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Bardo Pond + Tom Carter - 4/23/03

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Artist: Bardo Pond + Tom Carter

Album: 4/23/03

Label: Three Lobed

Review date: Aug. 17, 2004

The simple fact that this collaborative venture has been commercial released on a “real” CD attests to its makers recognition that they’ve come up with something special. After all, both the Philadelphian quintet Bardo Pond and San Francisco-based guitarist Tom Carter have issued plenty of music on limited-run CD-Rs. 4/23/03’s five unnamed tracks are the product of a rehearsal-room jam, but they don’t feel tossed-off; rather, their spontaneously generated coherence signals that this is a salutary meeting between complementary minds.

Bardo Pond, whose regular releases on Matador and ATP have mined murky rock riffage for psychedelic gold, have done this sort of thing before. In 1995 and 1997, under the name Hash Jar Tempo, they joined forces with New Zealand-based guitarist Roy Montgomery to make two excellent albums for Drunken Fish that combined Bardo’s lysergic atmospheres with Montgomery’s well-documented flair for cinematic sound painting. The liquid, echoing guitar figures that course through 4/23/03’s second track evoke mental images of primeval forests and dusk-shaded canyons and echo that earlier alliance.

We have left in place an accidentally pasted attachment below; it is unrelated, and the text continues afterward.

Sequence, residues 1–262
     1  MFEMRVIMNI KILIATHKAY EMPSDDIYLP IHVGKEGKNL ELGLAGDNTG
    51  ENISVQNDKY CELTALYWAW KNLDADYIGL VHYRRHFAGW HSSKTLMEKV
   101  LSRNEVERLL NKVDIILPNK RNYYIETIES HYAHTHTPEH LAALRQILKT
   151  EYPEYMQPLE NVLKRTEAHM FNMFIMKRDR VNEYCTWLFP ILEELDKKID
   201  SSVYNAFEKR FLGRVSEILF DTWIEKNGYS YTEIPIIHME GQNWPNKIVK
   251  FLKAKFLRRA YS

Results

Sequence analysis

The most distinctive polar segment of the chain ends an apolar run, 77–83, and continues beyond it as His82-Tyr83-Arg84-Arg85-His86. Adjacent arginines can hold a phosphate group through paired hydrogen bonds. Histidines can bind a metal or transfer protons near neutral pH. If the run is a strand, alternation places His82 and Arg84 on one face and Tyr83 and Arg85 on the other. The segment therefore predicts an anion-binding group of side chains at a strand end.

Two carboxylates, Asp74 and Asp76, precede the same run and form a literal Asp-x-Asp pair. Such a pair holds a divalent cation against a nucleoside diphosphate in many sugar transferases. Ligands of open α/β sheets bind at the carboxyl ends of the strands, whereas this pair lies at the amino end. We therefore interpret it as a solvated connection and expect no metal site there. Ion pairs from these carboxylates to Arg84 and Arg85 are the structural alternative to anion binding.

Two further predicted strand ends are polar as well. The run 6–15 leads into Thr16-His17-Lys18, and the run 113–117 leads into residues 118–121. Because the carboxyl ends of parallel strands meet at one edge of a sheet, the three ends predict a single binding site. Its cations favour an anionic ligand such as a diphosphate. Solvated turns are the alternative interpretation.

But elsewhere Carter’s personality exerts a powerful undertow that, like his work on his own and with the band Charalambides, plumbs depths of the psyche. The doleful guitar notes that open the album could darken a well-lit room; once the rhythm section kicks in and Isobel Sollenberger’s violin commences sweeping like a reaper’s scythe, the guitarists’ playing tightens and darkens yet further, like melancholy turning to grim resolve. On track three, simmering amp buzz and rhythmically tapped fretboards chart a course from anxiety to reflection, then flare into a brief moment of clarity.

Carter, unlike Montgomery, rarely commands the foreground. It’s often hard to tell his contributions from those of the Pond’s two guitar players, John and Michael Gibbons, especially on the ensuing ghostly 20-minute epic. It begins with a ghostly sequence in which Sollenberger sings barely-heard words through her flute and the guitarists, like hooded acolytes, tug their strings in sullen response. Then the pulse quickens and the music rises, like mist lifting into clouds on a full moon night. The record ends on a drifting note, with detuned guitars drizzling over Clint Takeda’s bass figures like forgotten memories receding into the furthest corners of unconscious memory.

By Bill Meyer

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